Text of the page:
Start with Jacobs. One of the great pleasures of having seen theater in this region for many years is watching talents emerge, then grow, mature and become fully-formed artists. In 2015, Jacobs played the side role of an anthropomorphic representation of a bird statue adorned in a weird costume in one of Thinking Cap Theatre’s classic “atypical” productions, A Map of Virtue. You had to wonder if we’d ever see this guy again.

Well, slap my mouth shut. Over and over, performances to remember in a clear evolution of talent and technique: The son in M Ensemble’s Fences, a petty criminal in Theatre Lab’s Motherland, Walter Lee in New City Players’ A Raisin in the Sun, Cory again in Dramaworks’ Fences, the factory foreman in GableStage’s Skeleton Crew, and the complex suitor in Dramaworks’ Intimate Apparel last season.

And now, this is simply some of the best acting we’ve ever seen from him, some of the best we’ve seen anywhere from anyone this season.

Physically, verbally, emotionally, Jacobs’ Booth is full of a swagger whose confidence seems as much an assumed pretense than as an actual acquired virtue. His energy drives much of the evening, yet his complex Booth is just as convincing in quieter sections when he shows his sadness, his aching emptiness plus his simultaneous adoration and bitter jealousy of his brother.

Richardson, more about his background in a moment, starts off with a Lincoln who is worn-down, dispirited and carefully withdrawn. The actor and the character are eclipsed for the first third of the play by Jacobs’ manic energy.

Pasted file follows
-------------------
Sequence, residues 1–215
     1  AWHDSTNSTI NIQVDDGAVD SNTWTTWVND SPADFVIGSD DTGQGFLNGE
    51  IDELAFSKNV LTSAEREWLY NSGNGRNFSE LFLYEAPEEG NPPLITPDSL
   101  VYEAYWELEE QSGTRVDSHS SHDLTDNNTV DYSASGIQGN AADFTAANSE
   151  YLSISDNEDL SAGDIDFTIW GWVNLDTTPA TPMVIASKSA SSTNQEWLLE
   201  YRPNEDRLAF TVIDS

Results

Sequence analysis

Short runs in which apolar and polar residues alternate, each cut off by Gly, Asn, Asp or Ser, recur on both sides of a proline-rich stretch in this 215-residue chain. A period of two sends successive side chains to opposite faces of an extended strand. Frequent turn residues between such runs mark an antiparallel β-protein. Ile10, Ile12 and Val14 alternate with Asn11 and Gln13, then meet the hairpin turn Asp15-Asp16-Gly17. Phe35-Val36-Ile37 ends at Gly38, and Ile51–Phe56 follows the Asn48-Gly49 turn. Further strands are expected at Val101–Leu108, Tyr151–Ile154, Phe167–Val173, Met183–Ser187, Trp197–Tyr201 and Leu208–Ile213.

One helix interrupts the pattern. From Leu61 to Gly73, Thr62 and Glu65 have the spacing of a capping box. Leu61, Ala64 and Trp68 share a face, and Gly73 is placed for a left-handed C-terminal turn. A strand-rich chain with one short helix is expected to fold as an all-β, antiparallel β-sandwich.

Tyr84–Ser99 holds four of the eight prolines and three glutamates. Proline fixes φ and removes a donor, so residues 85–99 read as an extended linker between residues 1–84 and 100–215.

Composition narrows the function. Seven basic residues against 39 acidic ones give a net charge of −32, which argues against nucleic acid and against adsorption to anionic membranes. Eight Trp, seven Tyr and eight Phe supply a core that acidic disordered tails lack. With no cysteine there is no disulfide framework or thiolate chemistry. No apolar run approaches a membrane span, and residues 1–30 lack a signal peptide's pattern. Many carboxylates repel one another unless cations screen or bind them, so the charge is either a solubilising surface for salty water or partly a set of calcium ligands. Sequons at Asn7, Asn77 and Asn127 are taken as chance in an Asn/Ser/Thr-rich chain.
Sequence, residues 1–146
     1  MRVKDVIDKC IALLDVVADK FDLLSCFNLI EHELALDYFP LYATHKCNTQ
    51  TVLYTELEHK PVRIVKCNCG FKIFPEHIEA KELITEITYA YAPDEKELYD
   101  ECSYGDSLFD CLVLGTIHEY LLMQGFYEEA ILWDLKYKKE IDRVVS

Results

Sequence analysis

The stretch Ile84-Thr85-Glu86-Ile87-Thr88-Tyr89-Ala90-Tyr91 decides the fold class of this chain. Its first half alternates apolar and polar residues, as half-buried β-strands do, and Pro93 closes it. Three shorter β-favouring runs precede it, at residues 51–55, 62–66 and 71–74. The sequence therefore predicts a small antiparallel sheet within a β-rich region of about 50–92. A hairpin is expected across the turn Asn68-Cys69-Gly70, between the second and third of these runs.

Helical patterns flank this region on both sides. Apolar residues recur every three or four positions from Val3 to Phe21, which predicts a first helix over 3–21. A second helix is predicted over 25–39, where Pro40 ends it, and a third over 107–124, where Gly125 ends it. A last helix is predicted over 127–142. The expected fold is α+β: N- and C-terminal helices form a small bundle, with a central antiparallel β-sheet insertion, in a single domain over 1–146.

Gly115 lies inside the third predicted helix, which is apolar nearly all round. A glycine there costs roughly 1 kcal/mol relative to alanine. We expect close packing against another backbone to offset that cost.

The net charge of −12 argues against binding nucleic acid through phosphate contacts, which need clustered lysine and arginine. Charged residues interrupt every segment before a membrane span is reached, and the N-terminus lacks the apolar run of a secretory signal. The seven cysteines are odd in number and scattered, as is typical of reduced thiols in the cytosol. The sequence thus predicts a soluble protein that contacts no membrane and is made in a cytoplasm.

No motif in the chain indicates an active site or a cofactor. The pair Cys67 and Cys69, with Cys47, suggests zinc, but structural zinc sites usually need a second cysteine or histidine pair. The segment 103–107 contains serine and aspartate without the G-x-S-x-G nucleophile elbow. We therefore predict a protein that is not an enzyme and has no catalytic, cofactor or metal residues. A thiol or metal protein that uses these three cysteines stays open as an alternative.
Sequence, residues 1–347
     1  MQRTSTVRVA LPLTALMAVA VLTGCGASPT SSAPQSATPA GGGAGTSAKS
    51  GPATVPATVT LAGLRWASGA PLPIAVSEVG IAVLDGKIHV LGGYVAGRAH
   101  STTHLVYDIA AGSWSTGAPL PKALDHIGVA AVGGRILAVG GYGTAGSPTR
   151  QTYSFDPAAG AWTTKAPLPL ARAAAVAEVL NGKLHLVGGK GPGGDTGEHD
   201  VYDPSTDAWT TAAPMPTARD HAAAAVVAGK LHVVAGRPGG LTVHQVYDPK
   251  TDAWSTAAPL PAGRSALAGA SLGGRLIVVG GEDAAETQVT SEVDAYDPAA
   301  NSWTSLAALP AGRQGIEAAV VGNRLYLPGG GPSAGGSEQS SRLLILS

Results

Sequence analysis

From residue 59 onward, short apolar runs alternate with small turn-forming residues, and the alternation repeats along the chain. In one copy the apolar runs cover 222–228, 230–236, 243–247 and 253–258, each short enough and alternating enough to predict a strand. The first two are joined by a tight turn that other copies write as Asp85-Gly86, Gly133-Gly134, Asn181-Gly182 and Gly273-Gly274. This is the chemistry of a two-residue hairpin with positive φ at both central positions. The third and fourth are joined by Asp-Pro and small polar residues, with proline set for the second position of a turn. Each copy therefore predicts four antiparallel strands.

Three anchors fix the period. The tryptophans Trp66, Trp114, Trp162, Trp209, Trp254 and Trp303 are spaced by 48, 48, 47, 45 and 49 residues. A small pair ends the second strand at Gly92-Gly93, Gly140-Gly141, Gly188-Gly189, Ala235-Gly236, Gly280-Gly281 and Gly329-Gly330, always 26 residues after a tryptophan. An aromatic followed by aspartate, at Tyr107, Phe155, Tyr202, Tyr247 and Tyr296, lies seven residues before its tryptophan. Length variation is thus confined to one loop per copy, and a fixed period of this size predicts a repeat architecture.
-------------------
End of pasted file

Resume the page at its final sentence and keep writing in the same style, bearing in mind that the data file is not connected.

And then you realize that Richardson and Boyd have courageously given Lincoln a muted starting point for a solid upward arc of emotion and intensity. The turning point near the end of the first act is when Lincoln slips into his old vocation as the supremely skilled con man with cards; we watch his physical, vocal and emotional being come to life in the precise meaning of the phrase.

Richardson deserves special props because the original actor cast had to drop out about two weeks ago. Hayes and his staff frantically searched for a replacement – a daunting and possibly impossible challenge.

But a theatrical angel was looking out for Dramaworks. Richardson had been an understudy in the acclaimed Broadway revival that ended in January, even having gone on stage a few times. Nine days before opening night, Richardson arrived lines already memorized but having to adjust to Boyd’s singular vision and to create that brotherly bond with Jacobs.

Parks’ script is justifiably lauded, but it meanders dramaturgically and thematically, so it requires a bit of patience from the audience – which patrons realize on the way home has been repaid.

The set designed by Seth Howard rips the fourth wall off a tiny hole in the wall one-room threadbare space with no toilet or running water, just a cot, a reclining chair and milk cartons to be used in numerous ways. Kirk Bookman lights it to create a variety of times of day and night, plus more subtle undercurrents of emotion. Roger Arnold lays in the sounds of an urban world outside including a garbage truck.

Coming back from the pandemic, Dramaworks has gifted the region with one of its finest seasons this year, including 12 Angry Men and August: Osage County. Topdog/Underdog is a worthy season finale.

Topdog/Underdog runs through June 11 at Palm Beach Dramaworks, 201 Clematis St., West Palm Beach. Performances 7:30 p.m. Wednesday, Thursday & Sunday, 2 p.m. Wednesday, Saturday and Sunday. Running time is 2 hours 40 minutes including one intermission. Tickets $84. Student tickets for $15, and anyone under 40 pays $40 with a photo ID. Tickets for educators are half price with proper ID (other restrictions apply). Call (561) 514-4042 ext. 2, or online at palmbeachdramaworks.org.